Ethereum price is at near-record highs, a gift for holders but a nightmare for network users.
Here’s why: The average transaction (Gas) fee stands at $20. What’s even worse is that this fee will likely stagnate at present levels if there is no intervention.
A new norm? Perhaps. Destruction of user experience, yes.
For this reason, network developers are once again in agreement that it is high time another upgrade is made to integrate EIP-1559.
The good news is, this proposal is nothing new and seeks to rid the first auction model in use for a new model that lowers Gas volatility.
At the same time, it also introduces ETH burning, therefore improving stability and mitigating economic inefficiencies in mining.
The Gas Fees Hole Ethereum Finds Itself In
However, before digging deeper, we must also look at how Ethereum finds itself in the present predicament.
Admittedly, the Ethereum network is the most active and was the first platform to launch a smart contracting protocol enabling tokenization.
Ethereum has, therefore, over the years gained traction. In 2020, it flipped Bitcoin as the most actively used network, processing over one million transactions. By December 2020, Ethereum, highlighting its dominance, had processed over $835 billion worth of stablecoins, mostly in USDT, DAI, and USDC.
With demand also comes competition. A simple glance at Etherscan reveals that the average Network Utilization rate stands at over 97 percent. Not surprisingly, the uptick of network utilization spiked starting from late December 2019.
It was during this time that DeFi was also gaining momentum. When ETH prices began rising and DeFi became mainstream from Dec 2019, the network’s utility remained above 97 percent.
The result of a high network utility (demand) is higher revenue for miners. Notice that it was during the DeFi-fueled rally of 2020 when Gas fees began rising. At the same time, revenue rose to record levels.
At one point, miner earnings from network rewards were less than those from transaction fees. The unprecedented level of demand now tags discussion on increasing the Block Gas limit above 12.5 million Gwei. If this goes ahead, Gas fees will likely rise to unsustainable levels hampering Ethereum’s adoption, a bearish development.
Presently, outside of Eth2, which is entirely a new blockchain with an alternative consensus algorithm. This chain will introduce staking, eliminating the need for miners in a scalable environment supportive of enterprise-grade dApps without impacting user experience. The full transition may, nonetheless, take years to actualize.
Before then—and as aforementioned, EIP-1559 is gaining traction and garnering support from industry leaders. Among avid supporters is Vitalik Buterin.
How EIP-1559 Hopes to diffuse the Gas Fee Problem
How will EIP-1559 bring back normalcy in the current high Gas fee environment? EIP-1559 is a proposal fronted by Eric Conner, the co-founder of EthHub.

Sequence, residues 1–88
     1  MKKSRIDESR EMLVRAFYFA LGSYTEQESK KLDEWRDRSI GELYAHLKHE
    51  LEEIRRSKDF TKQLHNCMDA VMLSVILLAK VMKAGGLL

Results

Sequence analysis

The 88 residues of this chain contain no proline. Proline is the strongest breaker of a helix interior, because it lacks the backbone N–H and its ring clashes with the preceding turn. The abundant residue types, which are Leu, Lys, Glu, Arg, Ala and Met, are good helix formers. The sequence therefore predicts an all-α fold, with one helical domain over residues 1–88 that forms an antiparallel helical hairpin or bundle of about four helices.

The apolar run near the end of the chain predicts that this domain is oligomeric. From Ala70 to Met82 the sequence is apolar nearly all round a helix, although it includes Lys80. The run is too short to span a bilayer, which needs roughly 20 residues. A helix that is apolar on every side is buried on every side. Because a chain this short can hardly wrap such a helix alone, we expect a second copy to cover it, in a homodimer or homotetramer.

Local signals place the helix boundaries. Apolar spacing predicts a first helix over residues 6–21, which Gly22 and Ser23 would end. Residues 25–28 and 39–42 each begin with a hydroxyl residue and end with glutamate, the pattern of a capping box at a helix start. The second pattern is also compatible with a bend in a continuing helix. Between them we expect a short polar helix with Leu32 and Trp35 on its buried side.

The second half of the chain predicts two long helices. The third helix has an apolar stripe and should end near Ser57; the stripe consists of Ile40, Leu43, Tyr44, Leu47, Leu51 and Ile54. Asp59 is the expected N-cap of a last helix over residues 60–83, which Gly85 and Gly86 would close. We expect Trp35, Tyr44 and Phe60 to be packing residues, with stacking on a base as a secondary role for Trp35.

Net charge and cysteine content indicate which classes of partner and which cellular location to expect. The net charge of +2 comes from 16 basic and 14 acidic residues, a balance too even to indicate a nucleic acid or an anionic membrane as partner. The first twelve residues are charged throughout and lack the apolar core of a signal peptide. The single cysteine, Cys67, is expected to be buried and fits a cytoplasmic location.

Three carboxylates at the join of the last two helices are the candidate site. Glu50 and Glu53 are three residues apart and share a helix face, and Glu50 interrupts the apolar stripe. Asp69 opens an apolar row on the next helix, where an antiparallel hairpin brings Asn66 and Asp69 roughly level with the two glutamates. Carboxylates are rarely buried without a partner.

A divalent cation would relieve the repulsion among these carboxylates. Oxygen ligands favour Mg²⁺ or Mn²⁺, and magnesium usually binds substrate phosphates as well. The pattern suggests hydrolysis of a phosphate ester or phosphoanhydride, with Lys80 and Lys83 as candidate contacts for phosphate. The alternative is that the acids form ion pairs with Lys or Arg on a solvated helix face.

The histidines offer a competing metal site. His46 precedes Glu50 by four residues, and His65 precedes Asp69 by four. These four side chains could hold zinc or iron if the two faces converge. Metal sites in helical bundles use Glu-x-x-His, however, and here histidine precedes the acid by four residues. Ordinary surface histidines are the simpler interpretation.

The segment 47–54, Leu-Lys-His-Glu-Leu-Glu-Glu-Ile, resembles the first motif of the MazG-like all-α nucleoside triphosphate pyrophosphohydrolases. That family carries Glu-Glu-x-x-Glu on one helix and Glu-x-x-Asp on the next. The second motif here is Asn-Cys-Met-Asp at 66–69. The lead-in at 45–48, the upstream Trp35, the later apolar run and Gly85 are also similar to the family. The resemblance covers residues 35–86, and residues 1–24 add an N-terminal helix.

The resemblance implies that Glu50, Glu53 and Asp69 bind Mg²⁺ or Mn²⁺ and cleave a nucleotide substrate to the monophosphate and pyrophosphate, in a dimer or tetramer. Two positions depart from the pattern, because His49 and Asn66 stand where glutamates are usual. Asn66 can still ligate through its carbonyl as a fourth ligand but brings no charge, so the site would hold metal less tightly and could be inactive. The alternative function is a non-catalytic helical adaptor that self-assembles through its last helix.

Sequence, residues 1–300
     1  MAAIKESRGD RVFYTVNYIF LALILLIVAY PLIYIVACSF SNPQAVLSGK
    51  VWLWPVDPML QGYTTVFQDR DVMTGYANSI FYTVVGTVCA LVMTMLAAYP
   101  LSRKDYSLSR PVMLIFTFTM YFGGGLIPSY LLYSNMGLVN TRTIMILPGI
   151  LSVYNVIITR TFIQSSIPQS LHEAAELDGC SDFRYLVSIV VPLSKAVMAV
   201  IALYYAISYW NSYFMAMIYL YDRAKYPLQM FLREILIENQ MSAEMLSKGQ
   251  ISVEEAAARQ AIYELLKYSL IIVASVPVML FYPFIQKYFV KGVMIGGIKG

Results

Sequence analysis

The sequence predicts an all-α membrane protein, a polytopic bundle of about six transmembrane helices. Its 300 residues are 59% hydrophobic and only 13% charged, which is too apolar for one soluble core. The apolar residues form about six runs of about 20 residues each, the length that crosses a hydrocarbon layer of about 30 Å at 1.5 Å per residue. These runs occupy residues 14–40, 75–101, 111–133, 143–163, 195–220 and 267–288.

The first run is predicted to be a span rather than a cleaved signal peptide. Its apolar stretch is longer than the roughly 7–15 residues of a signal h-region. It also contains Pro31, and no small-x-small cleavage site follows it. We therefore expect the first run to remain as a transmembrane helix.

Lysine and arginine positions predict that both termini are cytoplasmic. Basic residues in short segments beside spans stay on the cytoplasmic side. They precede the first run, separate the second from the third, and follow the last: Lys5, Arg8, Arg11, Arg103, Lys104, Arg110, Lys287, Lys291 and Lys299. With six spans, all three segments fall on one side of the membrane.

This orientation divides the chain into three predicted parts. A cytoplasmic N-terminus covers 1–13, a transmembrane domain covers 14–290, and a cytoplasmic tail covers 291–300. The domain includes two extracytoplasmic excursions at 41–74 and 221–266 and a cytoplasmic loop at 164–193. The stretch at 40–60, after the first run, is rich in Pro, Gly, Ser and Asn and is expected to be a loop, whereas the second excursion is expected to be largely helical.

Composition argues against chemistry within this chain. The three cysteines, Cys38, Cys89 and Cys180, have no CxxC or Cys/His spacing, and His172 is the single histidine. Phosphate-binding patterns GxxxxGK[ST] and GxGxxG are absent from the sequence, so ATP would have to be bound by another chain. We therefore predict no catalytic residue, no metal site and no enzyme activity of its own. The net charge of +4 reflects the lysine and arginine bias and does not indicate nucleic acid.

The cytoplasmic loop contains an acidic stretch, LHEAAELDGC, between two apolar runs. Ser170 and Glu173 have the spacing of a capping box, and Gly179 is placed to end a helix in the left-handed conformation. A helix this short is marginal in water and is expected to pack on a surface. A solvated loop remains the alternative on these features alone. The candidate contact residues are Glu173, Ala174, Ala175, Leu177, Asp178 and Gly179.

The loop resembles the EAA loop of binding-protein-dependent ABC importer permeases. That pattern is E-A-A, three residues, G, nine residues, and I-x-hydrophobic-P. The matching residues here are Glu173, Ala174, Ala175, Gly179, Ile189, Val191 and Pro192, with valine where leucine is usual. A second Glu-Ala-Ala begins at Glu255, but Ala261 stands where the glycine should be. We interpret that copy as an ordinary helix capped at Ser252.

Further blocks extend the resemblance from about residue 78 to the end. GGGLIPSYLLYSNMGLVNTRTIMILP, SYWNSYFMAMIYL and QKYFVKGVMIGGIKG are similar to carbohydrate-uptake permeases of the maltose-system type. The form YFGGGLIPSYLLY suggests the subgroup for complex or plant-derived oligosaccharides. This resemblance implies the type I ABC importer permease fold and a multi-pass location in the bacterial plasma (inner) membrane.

EIP-1559 needs a history lesson because it’s a bit revised right now. Here it goes…
In early 2019 I finally hit peak frustration at how horrible Ethereum’s first-price auction model for fees was.
I truly thought (and still think!) it was the #1 barrier to mass adoption.
— Eric ⌐◨-◨ (@econoar) February 10, 2021
In 2019, his frustration peaked at how horrible Ethereum’s first auction model was for Gas fees. At that time, his frustration boiled down to just how it affected the user experience. Initially, he had nothing with the thought of burning Gas fees.
He later reached out to Vitalik Buterin and penned down EIP-1559.
Over and above everything, and as the recent heated discussion reveals, the proposal aims to improve user experience by introducing Gas fee predictability.
The proposal has a “long-term average target” (10 million) and a “hard per-block cap” (20 million). Additionally, there is an adjustable BASEFEE integrating a targeting mechanism to keep block Gas limits at 10 million Gwei.
There will also be a small tip for miners. This new auction model overhauls the first auction price, where the miner has the liberty to pick the highest bid for inclusion in the next block.
Under EIP-1559, users will submit bids as usual, but everyone pays the lowest bid included in the block. By having the BASEFEE that will be burned, miners can’t manipulate fees and extract more from users. It is possible because changing the BASEFEE is only done at a higher rate that’s economically unfeasible.
Furthermore, the burning mechanism and allowing miners to receive tips—as compensation for uncle risk cements ETH’s role as a medium of exchange in the Ethereum ecosystem without impacting the network’s security.
Interestingly, under EIP-1559, volatility will shift from Gas prices to block sizes. Estimates are that even during congestion, which won’t last more than 10 minutes under this new auctioning system, the average Ethereum block size will at most double. The block size increment will remain flexible since the higher it is, the more efficient the fee market.
For end-users, the bidding mechanism’s automation leads to a better Gas fee predictability translating to an improved user experience and concurrently enshrining ETH’s economic value at the protocol level. This will further mitigate the risks of miner extractable value (MEV).
Beyond this, there will be a 90 percent reduction in transaction costs and a drastically reduced wait time for transaction confirmations.